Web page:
You might be surprised to know that car and truck models really have their suspensions lowered in almost the same way as full-scale vehicles.
In the case of vehicles that have front ends with A-arm suspensions, the preferred method to lower the stance is by raising the axle (or kingpin) on the spindle. The easiest way to do this is to simply cut off the kit’s axles flush with the spindles. You can then readily drill holes for new axles in a location further up on the spindles. For a sturdier construction, it is best to make the new axles from metal tubing (aluminum or brass) of the proper diameter and glue them in place. You can use plastic sprue for the new axles, but the assembly will be weaker. If you are fortunate to be working with one of the kits that come with separate spindles with the axles mounted on the lower part of the spindles, it is often possible to simply flip the spindles and mount them upside down, automatically raising their heights.
For model kits that provide dual leaf spring, solid-axle rear suspensions, there are alternate methods for lowering. If your inventory of spare parts will allow it, you can install a flatter set of leaf springs from another kit. The flatter the springs, the lower the drop. Another option is to add lowering blocks between the axle housings and the springs to raise the rear axle. Remember that the closer the rear axle is to the chassis, the lower the drop will be.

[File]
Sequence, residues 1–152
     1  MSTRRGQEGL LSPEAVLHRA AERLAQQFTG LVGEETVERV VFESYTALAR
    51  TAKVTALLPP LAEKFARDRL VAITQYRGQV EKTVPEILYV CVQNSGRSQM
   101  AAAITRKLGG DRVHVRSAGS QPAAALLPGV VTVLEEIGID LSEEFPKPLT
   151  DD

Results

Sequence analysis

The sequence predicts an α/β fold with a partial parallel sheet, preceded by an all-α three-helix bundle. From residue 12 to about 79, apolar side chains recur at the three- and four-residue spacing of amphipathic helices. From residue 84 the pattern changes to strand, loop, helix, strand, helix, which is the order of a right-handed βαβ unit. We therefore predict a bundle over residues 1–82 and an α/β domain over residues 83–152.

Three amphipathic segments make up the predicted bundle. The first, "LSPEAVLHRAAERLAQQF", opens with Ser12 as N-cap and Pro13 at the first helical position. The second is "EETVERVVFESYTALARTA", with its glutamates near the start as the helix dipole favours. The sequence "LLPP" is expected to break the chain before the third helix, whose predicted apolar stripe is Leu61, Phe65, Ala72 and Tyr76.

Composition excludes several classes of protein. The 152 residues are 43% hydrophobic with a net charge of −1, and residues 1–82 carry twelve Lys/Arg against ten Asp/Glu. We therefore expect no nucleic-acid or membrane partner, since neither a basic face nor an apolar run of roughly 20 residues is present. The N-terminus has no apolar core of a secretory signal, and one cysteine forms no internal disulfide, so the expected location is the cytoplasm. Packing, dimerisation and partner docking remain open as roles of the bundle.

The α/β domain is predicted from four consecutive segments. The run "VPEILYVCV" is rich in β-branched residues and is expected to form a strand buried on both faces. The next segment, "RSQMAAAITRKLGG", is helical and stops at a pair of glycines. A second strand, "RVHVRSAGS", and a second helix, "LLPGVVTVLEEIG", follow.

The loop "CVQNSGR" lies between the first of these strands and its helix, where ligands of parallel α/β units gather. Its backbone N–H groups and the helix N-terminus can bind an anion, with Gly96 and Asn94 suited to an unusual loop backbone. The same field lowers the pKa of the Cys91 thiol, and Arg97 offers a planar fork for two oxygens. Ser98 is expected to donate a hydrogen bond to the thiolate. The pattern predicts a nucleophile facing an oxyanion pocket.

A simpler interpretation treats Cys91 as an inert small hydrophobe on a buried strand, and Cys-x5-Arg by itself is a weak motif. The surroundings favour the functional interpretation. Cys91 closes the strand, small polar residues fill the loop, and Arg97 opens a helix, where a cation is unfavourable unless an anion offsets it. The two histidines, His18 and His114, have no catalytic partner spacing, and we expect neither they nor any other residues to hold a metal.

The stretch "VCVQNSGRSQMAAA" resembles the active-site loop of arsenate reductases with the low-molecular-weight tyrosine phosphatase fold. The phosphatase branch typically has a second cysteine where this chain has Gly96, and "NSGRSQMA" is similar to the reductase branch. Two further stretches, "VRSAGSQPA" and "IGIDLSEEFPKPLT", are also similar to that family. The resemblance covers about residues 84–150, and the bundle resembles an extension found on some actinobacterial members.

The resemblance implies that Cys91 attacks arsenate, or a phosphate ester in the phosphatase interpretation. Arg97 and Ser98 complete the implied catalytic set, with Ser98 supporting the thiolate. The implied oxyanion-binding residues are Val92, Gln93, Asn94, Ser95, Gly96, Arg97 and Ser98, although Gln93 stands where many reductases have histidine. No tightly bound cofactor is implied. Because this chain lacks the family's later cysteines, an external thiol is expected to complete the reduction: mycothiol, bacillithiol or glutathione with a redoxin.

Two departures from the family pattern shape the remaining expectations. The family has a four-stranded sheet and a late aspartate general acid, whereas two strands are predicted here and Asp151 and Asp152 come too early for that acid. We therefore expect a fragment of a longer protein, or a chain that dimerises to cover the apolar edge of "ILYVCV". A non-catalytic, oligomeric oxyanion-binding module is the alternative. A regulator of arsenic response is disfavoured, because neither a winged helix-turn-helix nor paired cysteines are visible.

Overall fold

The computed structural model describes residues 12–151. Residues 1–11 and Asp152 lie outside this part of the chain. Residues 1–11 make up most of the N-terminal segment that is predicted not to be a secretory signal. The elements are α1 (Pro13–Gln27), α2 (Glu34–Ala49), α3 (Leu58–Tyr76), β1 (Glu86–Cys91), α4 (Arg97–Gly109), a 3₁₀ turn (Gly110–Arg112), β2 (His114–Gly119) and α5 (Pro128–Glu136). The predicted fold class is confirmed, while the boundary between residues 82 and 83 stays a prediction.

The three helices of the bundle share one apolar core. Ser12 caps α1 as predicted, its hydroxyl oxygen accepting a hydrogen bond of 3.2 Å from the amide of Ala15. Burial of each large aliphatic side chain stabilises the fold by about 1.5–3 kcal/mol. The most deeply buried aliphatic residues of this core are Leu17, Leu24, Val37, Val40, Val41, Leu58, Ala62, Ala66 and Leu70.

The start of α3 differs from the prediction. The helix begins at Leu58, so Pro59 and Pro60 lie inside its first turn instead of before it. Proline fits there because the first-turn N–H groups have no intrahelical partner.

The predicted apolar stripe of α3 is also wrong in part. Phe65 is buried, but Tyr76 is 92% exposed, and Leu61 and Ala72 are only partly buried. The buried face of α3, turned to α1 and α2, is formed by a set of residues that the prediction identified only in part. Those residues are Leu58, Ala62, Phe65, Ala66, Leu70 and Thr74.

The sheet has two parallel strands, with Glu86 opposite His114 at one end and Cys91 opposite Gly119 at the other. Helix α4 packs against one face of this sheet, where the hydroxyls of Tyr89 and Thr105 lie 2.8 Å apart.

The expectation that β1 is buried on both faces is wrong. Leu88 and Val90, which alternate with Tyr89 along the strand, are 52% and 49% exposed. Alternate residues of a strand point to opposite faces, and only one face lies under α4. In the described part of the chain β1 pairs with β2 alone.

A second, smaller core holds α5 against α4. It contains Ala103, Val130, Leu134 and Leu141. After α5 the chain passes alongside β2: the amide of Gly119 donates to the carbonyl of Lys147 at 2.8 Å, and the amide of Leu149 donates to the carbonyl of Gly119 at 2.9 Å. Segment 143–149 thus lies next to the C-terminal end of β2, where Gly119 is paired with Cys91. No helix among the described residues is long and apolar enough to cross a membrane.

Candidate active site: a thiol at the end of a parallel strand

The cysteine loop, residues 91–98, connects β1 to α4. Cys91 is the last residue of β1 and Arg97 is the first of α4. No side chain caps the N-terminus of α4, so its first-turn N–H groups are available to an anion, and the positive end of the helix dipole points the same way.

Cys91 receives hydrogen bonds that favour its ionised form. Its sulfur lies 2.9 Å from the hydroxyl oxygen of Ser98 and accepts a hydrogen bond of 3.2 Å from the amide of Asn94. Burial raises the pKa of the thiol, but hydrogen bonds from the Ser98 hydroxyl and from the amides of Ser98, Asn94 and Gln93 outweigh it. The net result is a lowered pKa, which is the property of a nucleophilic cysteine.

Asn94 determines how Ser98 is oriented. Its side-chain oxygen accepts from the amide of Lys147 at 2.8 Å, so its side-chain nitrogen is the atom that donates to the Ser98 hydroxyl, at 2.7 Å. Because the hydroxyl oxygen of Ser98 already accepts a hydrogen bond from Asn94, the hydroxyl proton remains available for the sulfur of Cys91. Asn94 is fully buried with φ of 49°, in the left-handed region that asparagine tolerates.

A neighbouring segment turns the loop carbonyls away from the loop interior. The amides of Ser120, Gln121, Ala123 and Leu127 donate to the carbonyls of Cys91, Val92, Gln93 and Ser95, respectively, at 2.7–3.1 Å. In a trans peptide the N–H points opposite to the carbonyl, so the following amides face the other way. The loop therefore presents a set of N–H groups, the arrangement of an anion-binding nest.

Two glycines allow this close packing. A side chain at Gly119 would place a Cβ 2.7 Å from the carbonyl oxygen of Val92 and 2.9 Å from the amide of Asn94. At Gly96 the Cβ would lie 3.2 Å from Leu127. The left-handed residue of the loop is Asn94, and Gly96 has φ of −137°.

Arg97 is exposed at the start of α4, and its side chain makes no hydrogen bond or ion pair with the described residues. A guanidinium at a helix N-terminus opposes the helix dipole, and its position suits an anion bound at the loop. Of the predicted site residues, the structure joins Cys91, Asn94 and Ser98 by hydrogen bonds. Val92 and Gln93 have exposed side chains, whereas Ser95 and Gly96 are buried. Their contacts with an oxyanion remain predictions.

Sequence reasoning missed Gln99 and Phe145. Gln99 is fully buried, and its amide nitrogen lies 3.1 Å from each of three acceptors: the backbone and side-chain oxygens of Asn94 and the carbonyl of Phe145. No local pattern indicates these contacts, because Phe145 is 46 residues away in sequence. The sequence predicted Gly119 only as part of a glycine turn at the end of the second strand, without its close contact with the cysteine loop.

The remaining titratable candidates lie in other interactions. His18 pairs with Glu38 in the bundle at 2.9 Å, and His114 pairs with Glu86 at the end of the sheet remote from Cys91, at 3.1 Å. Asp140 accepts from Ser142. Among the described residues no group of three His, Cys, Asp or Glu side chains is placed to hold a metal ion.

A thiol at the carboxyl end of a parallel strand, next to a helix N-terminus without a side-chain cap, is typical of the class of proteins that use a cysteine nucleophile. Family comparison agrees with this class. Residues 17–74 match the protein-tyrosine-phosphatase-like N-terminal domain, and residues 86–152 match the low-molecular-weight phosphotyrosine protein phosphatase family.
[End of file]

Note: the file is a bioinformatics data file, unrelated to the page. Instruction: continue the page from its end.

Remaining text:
When fabricating your lowering blocks, make sure that the strip of styrene will match the width of the spring you are adjusting. After you have determined the amount of drop you want and have cut the pair of blocks you must add a curved notch to the top of each block for the axle housing to rest in. Then you just have to glue the lowering blocks to the springs and housings. For additional detail why not add wire and bolt heads to represent the extra-long U-bolts that hold everything in place on the real vehicles.
To ensure a proper fit and clearance on your finished model, you may find it necessary to adjust some other parts, including the shocks and wheelwells.
James Doan is the proprietor of Mr. Kipling’s Workshop. Visit this informative portal into the fascinating hobby of scale modelling. Host to the local club, Orangeville Scale Modellers, the website offers articles on modelling, and a forum for visitors to participate in the exchange of information.